It would be good if some form of evaluation framework for applicability could be defined, your “starter questions” are thus (for me anyway) a little too abstract

    >> what types of assets can we transfer or create on the blockchain?

    >> what data or processes can we notarize on the blockchain,

    Let me give you a (somewhat detailed) example and ask you a related question (i repeat some of what you know about our work to make this understandble for your readers).

    I work in what we could agree to call “energy-efficiency data mining” – so seek to expose “insights” as a “digital asset”.

    Access to these replicable assets are valuable to participants (or bidders) in any value chain that (possibly) ends with them being exploited (implemented/recovered) through energy savings action

    The market is this “a chance that someone will pay an interested party “to switch the lights off” which starts with someone finding that the lights are on and unneeded”.
    More detail here http://iet.jrc.ec.europa.eu/energyefficiency/european-energy-service-companies/energy-performance-contracting for EU industry definition

    Multiple parties attempt to recover these same “insights” during bid preparation when creating tender offers – and they are better or worse at this. From the client perspective this is a huge inefficiency (multiple people invest competitively to find out what they could do (physical site surveys etc) – but only one of these investigations bears fruit) – there is also huge bundling inefficiency (you cannot select the best parts from each proposal)

    It seems a potential vertical separation exists

    a) to define (reach consensus) on what should be done (could be a mutual collaborative effort to uncover ” insights” as assets)

    b) for one or more suppliers to act on one or more of these “insights” for best price (buyer and seller share provable recovery in some percentage)

    a) is a quality concern for the consumer – I get the right services offered,
    b) is a pricing concern – I get a) delvered at the best price (and can select the unbundeled elements I want)

    Both a) and b ) can be fully defined digitally using domain languages – it behooves b) to offer only high quality a) as otherwise effort is wasted or less efficient
    - so a market means to establish value of a) exists based on motivated expert assessment

    This means ( I believe ) that a fully automated unbundling of a complex (well-defined) marketplace is possible and can deliver significant transactional efficiency benefits by sharing complementary work product in the insight identification stage (which happens to be what we excel at ! : )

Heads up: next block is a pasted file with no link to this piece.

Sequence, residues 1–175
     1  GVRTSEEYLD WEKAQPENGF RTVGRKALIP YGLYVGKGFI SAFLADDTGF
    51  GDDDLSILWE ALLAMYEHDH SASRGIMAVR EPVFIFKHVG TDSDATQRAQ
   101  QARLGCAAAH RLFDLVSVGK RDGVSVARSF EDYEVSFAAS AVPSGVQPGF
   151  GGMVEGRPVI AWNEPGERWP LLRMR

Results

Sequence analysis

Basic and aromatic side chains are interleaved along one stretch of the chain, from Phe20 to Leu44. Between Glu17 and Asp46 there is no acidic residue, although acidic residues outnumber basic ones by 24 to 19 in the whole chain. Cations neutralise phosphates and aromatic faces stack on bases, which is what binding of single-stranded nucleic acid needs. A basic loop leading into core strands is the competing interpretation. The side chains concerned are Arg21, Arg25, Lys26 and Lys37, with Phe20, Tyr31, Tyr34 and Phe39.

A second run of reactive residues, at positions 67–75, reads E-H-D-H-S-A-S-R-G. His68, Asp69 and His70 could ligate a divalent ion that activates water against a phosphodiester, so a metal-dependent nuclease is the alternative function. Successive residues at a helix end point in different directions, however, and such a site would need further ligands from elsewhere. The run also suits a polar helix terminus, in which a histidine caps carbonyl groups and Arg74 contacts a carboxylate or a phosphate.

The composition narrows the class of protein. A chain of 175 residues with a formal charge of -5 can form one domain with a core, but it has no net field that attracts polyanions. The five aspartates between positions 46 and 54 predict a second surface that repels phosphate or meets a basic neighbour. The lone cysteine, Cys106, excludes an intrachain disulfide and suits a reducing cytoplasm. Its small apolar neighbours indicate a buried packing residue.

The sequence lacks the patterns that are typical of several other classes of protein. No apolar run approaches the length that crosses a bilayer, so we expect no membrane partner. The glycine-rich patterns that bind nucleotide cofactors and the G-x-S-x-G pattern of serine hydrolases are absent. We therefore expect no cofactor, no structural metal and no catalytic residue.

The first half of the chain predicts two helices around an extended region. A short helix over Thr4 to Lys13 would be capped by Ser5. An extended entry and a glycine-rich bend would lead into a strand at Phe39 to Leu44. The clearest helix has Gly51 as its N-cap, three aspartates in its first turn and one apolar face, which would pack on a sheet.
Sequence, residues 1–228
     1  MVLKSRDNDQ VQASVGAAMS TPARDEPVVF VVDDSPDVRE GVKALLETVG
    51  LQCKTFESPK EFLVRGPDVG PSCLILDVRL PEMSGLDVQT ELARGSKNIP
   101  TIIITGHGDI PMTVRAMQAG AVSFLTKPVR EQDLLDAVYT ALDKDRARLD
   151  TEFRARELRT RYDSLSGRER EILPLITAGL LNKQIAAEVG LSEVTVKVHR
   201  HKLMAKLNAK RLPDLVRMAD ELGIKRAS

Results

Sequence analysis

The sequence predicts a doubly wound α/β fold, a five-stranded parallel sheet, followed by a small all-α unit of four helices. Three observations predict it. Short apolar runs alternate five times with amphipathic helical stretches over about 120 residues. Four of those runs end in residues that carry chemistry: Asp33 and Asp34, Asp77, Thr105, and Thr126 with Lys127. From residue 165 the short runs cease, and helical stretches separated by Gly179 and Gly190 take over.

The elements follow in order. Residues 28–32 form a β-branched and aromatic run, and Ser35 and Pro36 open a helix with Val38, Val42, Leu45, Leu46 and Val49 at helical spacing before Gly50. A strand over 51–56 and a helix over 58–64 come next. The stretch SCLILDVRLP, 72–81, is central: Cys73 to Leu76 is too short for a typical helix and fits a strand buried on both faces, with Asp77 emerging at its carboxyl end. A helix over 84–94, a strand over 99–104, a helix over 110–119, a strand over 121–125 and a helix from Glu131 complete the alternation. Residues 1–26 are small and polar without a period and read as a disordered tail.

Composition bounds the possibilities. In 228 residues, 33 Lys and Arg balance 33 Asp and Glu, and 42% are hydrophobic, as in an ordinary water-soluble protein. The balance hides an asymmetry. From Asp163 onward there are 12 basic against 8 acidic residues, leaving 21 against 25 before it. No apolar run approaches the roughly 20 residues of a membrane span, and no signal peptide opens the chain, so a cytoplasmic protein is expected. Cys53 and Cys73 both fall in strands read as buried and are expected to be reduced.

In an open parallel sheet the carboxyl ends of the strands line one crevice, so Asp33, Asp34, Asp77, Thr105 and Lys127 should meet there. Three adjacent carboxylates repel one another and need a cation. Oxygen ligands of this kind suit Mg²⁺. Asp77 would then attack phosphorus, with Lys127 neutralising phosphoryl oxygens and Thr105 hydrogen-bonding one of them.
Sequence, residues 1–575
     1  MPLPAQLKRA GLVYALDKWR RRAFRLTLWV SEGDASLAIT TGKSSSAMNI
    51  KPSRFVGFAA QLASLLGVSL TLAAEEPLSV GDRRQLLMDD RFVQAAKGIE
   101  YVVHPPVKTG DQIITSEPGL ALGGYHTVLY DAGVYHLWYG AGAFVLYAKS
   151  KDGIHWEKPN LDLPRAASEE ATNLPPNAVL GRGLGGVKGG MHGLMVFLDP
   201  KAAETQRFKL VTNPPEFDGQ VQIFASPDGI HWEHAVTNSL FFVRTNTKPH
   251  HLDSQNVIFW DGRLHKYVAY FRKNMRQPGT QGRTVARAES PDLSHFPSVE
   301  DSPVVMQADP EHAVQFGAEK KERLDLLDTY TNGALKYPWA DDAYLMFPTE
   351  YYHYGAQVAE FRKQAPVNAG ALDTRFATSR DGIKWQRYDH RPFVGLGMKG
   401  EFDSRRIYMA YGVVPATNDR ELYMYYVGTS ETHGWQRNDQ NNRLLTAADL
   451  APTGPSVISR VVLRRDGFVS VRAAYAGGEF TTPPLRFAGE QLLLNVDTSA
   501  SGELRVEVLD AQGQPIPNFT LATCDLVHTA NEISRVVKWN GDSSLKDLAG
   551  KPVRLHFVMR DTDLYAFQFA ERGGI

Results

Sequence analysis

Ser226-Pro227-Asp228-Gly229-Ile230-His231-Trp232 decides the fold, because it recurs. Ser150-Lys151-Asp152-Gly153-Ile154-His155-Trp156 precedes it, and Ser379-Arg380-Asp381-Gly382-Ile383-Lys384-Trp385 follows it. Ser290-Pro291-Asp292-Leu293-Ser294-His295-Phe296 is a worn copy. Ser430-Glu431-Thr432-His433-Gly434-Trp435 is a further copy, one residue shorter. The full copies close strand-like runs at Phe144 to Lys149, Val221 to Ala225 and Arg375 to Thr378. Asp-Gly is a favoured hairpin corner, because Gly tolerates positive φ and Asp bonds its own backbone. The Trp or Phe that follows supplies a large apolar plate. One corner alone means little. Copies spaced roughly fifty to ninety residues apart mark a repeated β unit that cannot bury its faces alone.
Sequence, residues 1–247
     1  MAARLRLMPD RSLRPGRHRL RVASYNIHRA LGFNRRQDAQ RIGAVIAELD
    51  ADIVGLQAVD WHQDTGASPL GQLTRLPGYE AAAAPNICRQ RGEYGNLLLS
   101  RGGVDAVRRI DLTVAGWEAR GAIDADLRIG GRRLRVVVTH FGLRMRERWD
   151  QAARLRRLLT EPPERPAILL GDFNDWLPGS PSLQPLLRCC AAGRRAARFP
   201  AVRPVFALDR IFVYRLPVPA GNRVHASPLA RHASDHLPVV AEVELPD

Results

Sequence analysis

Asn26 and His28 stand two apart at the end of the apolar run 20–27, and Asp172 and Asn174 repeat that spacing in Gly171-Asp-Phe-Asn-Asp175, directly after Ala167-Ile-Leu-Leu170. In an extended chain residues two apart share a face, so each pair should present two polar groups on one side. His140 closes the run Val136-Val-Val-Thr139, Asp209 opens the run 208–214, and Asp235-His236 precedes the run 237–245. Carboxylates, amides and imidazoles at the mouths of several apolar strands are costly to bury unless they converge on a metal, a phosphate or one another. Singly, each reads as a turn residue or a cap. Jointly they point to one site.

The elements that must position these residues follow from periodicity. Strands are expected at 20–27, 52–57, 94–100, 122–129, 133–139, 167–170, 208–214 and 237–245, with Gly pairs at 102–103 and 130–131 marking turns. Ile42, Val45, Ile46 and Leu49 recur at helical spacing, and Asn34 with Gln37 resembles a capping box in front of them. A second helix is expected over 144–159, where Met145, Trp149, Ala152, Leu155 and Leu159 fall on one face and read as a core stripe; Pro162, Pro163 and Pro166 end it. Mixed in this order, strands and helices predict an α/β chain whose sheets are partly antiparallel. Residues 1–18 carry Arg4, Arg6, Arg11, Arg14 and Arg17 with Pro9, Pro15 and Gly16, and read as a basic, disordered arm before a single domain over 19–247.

So – after a long explanation – who do I get (if such people exist) to evaluate this superficial thinking ?

    Many thanks for the time investment.

    • http://www.startupmanagement.org/ William Mougayar

      Thanks for explaining all this. We’re due to talk, so maybe it’s best answered verbally :)

    • http://arisdad.tumblr.com/ Alok Bhargava

      Hi James, William,

      James, I am going to assume that by a) you are referring to identifying an available negawatt, and by b) you are referring to a bidding-based negawatts marketplace.

      As an energy industry professional with a computer science background, I am intrigued by your questions. My first thought is to model the negawatt as a time-based asset (i.e. valid for a certain period of time) and that inevitably led me to wondering how the blockchain community digitally represents a physical asset. I came across this notion of “colored coins” or “Smart Property” that has been commercialized by a company Chromaway (paper: A Blockchain-based property ownership recording system @ http://chromaway.com/papers/A-blockchain-based-property-registry.pdf). There could be others also – I have not looked yet.

      Digitizing an asset requires foolproof identification and authentication. For a physical asset we can associate a digital identifier with it via a tag or a chip but this does not work if said tag can be detached from the asset (or if the asset is not tangible like a negawatt). Hence Chromaway maintains that we cannot avoid a trusted, third-party registry, and provides some discussion on building a distributed registry (to avoid reliance on centralized party and retain trust). I think a) in your post would be part of the registration step i.e. a means to verify that those negawatts actually exist for the stated time period.